As most of you might have read, tests on animals show that Palm Oil could be carcinogenic, i.e. cancer causing! Whilst there are many processed food out there that contains palm oil, some of you may not realise that your favourite beverage, Milo, at least the local version, contains palm oil. That would explain why your Milo mugs are significantly oily after drinking Milo from it.
Then came reports that Palm Oil is only carcinogenic if heated above 200 degrees Celsius during the refining process. Given that consumers like us have totally zero visibility on the refining process, I personally feel that it is safer to just skip products with Palm Oil as much as we can. Of course, I didn’t go into detail about the exact contaminant (glycidyl ester) responsible for the toxicity of Palm Oil refined at high temperatures. You can click the links to read more if you are interested.
Now to finish the few packets of Milo refills before hopping onto the Australian version.
Got two D-Link DCS-5222L IP Cameras from Lazada to replace my old D-Link DCS-930L (3 of them). I was a fan of cheap IP Cameras and was always telling people how I can monitor my home for under $100. However, as time passes by, I am no longer satisfied with the poor field of view offered by cheap IP Cameras. As an interim solution, I even bought wide angle lenses meant for Smart Phones and mounted them on the D-Link DCS-930L using adhesives or magnetically.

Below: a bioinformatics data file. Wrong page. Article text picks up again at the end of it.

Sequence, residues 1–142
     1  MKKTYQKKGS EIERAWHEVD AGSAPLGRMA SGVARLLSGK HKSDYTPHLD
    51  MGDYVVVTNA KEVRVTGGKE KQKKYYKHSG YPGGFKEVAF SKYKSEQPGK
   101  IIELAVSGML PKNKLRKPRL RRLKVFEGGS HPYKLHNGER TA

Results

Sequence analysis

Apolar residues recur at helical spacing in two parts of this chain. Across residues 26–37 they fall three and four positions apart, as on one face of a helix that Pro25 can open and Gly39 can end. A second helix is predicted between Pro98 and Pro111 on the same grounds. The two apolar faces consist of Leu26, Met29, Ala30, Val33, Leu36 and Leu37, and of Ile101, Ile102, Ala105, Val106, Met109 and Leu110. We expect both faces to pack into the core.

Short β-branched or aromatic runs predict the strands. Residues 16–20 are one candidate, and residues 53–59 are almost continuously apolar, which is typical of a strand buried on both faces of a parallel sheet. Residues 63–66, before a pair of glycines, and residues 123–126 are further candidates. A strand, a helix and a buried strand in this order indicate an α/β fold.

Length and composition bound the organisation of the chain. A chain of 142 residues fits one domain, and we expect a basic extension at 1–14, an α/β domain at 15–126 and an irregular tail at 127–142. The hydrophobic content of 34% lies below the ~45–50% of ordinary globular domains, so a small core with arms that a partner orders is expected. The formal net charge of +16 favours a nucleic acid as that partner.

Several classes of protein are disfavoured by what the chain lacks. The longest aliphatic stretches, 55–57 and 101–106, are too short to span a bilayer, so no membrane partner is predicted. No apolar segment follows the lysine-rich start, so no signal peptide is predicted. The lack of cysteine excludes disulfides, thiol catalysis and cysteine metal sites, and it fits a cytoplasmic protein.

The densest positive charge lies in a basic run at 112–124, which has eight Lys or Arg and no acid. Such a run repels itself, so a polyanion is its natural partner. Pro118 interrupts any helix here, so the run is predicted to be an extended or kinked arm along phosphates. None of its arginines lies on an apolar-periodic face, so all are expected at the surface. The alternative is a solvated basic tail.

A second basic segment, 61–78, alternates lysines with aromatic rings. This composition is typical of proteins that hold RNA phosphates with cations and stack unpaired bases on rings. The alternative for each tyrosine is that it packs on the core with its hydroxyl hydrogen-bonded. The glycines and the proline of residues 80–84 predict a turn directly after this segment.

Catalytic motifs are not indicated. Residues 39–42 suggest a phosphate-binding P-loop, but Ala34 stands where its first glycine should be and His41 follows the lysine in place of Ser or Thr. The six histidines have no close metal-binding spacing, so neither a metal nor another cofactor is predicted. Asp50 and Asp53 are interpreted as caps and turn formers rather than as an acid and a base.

D-Link DCS-930L with self mounted wide angle lens bought separately.
Here’s how one of the 3 look like:
Even with the wide angle lens, I wasn’t satisfied.I did not mount the cameras securely so a slight knock will tip the cameras off the surface and I spent quite a bit of time looking for the fallen lenses.
I decided that enough was enough. I took the plunge and went for the D-Link DCS-5222L which is a PTZ IP Camera with wide angle lens built-in. The IR LEDs were also immensely useful. No more pitch black videos in my NAS at night!
Another feature I look to the D-Link DCS-5222L is the availability of RTSP streams. This allows me to:
- Use VLC to easily launch the RTSP stream on any computer for quick viewing or monitoring
- Use FFMPEG to record the RTSP stream onto my NAS or local disk. I know VLC can do the same but after much tries, FFMPEG appears to handle errors from the live streams without crashing so easily.
In my next post, I will talk about how I use VLC and FFMPEG to build my own command line IP Camera recording and viewing.
So I’ve recently started developing Android applications! First application published was my NRIC Checker application for which I have a web version on (http://nric.biz) since 2009!
Many of my friends asked “Why the hell do I need this?”
There are many apps out there which you don’t essentially need.
This is a utility, a tool, to help people who have to deal with data entry.
I’ve got people telling me that they need to key in NRIC numbers into their computer database from handwritten forms and it proved to be a nightmare when they encounter handwriting that is illegible. Admittedly, my web application, though still being used, isn’t the most convenient way to access on the go.
With recent motivations of becoming an app developer, here you go … my NRIC Checker application on Android:
iOS version is coming soon .. just need to sort out some limitations I faced with getting my app launched and approved for the App Store 🙁